5 Things No One Tells You About College Midterms

5 Things No One Tells You About College Midterms

Why did no one feel like telling me this?

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Going into college you have an idea of what exams and midterms are going to be like. In high school, it was basically a week in which each teacher gave you a multiple choice exam to ensure that you would have enough grades in for the quarter. At most, they were 50 questions and teachers usually talked with each other to make sure they were not on the same day. In college though, the reality of midterms is a much harder one then what I was expecting.

Exams are not just during one week, but can happen for several weeks in a row...

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In high school, midterms are usually only one week long. You will have an exam each day but once it is over you can move on with your life and enjoy the rest of your life. In college, there might be times where you have an exam every single week for five weeks straight. You won't ever be able to live your life because you know that the next week you have another exam.

There are not just multiple choice exams, but papers and projects too...

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Some people are not test takers, so do not worry you will also have papers and projects due during midterms week. You might have a paper due the night before of an exam, so you will have to go back and forth between reading material you should already know and trying to reach your word count. And for teachers who assign projects rather than papers, you will have to spend your time hunting down art supplies or learning how to use a random software.

You most likely will have multiple exams on the same day...

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You might be lucky enough to have only two classes on one day, only for both of those teachers to assign an exam on the same day. There are so many days in a month and yet both of these teachers seem to know that the other is assigning an exam on that same day. Even worse, you might end up with those classes covering similar material, turning your brain into mush.

You probably could plan so that you can start studying weeks before, but you won't...

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Intelligent and proactive students will start studying for their exams several weeks before, so that they won't have to stress about them last minute. The reality is that very few people are like this, even if they want to be. With the constant workload given to students in college, with our free time the last thing we want to do is study for something that is days or even weeks away.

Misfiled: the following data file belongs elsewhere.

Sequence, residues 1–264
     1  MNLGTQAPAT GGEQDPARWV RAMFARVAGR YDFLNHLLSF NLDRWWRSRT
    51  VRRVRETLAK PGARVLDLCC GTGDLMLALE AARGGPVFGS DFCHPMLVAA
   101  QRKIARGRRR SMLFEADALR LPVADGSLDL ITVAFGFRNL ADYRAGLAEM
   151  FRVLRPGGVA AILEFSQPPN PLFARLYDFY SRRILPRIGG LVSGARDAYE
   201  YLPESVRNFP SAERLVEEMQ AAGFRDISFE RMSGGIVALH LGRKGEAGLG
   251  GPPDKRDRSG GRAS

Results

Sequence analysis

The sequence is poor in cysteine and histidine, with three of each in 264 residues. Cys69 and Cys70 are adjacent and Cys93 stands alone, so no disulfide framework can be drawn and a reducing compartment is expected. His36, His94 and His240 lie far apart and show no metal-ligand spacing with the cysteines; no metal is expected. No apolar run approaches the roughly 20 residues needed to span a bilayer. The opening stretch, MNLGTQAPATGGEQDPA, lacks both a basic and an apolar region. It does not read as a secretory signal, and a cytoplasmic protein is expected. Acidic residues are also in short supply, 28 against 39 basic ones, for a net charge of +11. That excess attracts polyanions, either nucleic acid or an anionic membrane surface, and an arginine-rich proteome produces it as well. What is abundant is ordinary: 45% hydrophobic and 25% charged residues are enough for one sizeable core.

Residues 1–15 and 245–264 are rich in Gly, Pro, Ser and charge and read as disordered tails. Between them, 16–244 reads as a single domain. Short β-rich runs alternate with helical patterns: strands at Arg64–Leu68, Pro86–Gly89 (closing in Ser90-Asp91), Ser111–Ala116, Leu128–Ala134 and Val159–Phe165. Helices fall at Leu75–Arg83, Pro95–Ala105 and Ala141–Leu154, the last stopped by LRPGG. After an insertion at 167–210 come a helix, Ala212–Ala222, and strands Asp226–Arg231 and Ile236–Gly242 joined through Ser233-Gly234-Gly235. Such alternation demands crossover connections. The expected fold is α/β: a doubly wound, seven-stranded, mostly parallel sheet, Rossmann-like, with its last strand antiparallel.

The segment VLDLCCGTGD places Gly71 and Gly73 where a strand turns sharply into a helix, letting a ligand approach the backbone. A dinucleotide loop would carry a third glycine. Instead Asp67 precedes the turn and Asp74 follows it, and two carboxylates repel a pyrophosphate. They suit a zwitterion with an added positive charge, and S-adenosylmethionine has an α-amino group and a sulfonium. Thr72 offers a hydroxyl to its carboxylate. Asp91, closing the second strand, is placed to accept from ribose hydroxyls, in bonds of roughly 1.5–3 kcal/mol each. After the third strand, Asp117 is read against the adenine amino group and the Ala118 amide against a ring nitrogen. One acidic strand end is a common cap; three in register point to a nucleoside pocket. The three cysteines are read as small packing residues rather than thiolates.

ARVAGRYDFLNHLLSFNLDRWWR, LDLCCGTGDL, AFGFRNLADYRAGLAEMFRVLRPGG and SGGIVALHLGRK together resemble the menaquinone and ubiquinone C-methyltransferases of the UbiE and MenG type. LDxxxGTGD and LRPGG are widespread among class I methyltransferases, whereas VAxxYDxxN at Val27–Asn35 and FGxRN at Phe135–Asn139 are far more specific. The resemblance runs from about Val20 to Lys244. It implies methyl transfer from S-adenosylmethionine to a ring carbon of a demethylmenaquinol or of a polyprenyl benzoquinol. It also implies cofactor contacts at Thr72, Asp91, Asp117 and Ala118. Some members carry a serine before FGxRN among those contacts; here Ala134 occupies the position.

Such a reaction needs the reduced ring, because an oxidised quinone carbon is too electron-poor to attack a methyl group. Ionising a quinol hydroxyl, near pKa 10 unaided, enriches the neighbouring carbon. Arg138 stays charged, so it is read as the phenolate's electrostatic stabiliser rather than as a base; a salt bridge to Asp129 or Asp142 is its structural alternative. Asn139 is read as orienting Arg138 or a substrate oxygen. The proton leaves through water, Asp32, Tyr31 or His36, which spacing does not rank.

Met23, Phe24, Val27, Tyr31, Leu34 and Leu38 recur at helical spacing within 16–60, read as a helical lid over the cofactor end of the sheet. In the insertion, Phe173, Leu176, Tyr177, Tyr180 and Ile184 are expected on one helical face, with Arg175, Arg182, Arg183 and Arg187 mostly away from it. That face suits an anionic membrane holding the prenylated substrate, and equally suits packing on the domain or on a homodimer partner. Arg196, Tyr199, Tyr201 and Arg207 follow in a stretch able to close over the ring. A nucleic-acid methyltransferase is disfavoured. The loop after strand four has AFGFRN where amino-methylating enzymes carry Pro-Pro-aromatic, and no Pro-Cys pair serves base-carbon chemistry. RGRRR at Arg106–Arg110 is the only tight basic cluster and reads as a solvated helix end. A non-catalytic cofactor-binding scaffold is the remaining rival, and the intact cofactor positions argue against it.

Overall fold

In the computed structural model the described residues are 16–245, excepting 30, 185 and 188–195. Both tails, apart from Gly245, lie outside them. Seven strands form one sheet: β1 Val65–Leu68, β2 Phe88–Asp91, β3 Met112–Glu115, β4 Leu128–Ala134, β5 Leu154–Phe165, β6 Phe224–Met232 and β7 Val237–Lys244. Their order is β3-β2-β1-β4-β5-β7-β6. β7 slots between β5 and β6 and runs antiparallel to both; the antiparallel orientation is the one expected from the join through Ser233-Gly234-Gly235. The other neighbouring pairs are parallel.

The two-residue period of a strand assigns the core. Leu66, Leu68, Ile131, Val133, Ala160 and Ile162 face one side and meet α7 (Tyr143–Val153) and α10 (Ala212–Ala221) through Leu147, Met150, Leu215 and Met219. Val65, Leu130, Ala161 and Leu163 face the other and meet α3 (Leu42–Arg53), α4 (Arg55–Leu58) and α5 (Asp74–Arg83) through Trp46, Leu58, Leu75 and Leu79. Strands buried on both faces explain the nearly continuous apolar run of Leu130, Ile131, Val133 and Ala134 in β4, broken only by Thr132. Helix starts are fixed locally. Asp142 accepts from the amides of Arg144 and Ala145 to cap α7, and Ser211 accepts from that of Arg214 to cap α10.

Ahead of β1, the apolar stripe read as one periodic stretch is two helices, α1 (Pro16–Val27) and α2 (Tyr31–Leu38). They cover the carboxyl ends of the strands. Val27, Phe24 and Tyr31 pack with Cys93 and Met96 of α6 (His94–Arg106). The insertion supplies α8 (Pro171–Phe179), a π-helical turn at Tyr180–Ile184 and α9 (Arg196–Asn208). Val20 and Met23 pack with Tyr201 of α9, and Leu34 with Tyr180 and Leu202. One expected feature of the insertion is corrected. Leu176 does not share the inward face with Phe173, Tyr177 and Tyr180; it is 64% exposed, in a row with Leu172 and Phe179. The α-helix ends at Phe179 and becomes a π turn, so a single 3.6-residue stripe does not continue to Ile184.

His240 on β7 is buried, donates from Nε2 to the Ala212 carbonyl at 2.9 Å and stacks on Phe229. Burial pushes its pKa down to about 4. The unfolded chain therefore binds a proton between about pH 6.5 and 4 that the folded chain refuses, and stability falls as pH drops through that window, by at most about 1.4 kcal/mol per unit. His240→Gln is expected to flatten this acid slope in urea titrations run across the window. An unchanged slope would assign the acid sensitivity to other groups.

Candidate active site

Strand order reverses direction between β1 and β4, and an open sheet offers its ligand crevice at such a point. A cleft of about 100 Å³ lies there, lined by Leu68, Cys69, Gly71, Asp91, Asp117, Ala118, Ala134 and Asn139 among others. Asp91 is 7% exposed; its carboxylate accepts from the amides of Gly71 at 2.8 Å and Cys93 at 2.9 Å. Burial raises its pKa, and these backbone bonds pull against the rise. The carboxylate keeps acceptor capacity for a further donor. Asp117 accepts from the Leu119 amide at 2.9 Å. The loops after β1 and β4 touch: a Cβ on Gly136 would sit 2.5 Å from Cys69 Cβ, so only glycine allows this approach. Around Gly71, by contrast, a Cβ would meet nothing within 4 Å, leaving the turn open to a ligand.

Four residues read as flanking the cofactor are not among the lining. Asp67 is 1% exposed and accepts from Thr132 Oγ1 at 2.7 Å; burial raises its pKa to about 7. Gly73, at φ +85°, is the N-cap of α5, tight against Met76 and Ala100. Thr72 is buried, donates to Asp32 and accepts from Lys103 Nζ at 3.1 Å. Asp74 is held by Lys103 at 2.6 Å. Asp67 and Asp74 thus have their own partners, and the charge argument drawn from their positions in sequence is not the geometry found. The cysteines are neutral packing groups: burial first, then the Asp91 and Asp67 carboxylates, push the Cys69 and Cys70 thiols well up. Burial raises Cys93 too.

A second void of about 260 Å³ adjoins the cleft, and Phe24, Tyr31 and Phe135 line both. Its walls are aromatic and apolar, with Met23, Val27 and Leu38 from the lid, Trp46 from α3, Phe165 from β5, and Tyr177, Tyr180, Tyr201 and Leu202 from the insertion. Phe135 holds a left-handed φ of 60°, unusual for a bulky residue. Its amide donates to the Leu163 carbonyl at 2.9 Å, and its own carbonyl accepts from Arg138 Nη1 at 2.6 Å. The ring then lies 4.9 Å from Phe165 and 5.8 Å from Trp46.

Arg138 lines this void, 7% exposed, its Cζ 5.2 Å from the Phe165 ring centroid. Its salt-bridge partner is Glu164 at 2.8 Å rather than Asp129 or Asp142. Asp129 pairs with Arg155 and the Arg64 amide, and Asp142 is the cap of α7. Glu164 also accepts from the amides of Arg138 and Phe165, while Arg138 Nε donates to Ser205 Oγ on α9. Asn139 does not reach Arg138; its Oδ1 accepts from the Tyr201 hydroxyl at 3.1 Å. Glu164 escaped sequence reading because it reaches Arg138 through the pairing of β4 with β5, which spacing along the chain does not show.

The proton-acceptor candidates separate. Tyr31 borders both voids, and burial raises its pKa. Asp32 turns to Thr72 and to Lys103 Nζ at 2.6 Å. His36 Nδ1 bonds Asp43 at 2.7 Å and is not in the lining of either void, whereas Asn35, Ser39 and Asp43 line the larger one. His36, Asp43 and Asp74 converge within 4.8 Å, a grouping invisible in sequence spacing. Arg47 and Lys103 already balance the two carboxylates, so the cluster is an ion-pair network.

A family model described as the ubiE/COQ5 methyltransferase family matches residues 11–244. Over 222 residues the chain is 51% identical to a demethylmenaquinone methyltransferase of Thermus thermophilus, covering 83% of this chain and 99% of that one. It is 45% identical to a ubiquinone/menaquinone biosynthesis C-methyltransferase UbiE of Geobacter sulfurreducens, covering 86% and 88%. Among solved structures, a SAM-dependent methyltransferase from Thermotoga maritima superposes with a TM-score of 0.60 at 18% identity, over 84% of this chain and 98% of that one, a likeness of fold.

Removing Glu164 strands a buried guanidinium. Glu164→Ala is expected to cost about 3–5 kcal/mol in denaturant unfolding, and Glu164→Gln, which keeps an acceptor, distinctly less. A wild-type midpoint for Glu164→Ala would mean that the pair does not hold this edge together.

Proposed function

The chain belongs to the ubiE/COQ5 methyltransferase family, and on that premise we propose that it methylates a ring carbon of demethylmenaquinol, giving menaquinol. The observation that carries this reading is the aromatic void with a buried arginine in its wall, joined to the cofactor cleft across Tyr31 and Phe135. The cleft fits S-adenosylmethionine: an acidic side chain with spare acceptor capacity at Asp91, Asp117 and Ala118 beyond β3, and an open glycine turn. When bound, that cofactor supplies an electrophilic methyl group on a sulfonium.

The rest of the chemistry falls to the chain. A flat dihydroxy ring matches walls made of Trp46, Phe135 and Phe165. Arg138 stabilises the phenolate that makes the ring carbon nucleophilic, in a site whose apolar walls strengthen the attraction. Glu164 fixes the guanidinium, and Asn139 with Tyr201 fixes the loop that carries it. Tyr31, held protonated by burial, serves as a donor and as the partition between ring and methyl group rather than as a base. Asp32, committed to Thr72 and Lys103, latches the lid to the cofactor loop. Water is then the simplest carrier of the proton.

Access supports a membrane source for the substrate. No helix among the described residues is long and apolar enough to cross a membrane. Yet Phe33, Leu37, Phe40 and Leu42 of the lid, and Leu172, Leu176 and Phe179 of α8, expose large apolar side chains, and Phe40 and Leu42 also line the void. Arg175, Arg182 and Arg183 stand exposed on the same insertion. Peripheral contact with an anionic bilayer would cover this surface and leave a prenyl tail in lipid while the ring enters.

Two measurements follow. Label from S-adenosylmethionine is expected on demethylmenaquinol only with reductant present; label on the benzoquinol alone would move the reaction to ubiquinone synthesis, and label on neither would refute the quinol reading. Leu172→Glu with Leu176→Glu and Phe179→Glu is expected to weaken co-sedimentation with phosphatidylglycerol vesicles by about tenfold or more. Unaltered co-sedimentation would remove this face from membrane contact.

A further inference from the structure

11:59 pm will become your least favorite time...

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I know that even years from now, 11:59 pm will always scare me a little bit. Knowing that you have a paper or project due and that the minutes are slowly counting down to midnight instills a fear in you that I can't seem to shake. Regardless of the fact that I usually get it done hours before, the finality of 11:59 is what adds a certain level of terror.

At the end of the day, the harsh reality is that college exams are nothing like high school exams. They usually are not about just having grades in, but rather actually testing you about the material. So honestly, the biggest advice is to expect the unexpected. Oh and another thing, you will have midterms up to three times, so get ready.

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Every College Major Described By 'Grey's Anatomy's' Best Moments

So much Grey's, so little time.

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I've seen this done with various TV shows, but never Greys Anatomy, so I decided to take on the daunting task.

1. Engineering

"Oh, screw beautiful! I'm Brilliant! If you want to appease me, compliment my brain!" - Christina Yang

2. Pre-Law

"Just because people do horrible things, it doesn't always mean they're horrible people." - Izzie Stevens

3. Women's Studies

" I am woman. Hear me Roar. " - Miranda Bailey

4. Psychology

"Being aware of your crap and actually overcoming your crap are two very different things." - Christina Yang

5. Philosophy

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"The future is the home of our deepest fears and our wildest hopes." - Owen Hunt

6. Undeclared

"We're adults. When did that happen. How do we make it stop? " - Meredith Grey

7. Pre-Med

" It's a beautiful day to save lives " - Derek Sheperd

8. Dance

" Shut up. Dance it out. " - Christina Yang

9. Math

" The carousel never stops turning, you can never get off." - Ellis Grey

10. Science

"Knowing is better than wondering. Waking is better than sleeping, and even the biggest failure, even the worst, beats the hell out of never trying." —Meredith Grey

11. Education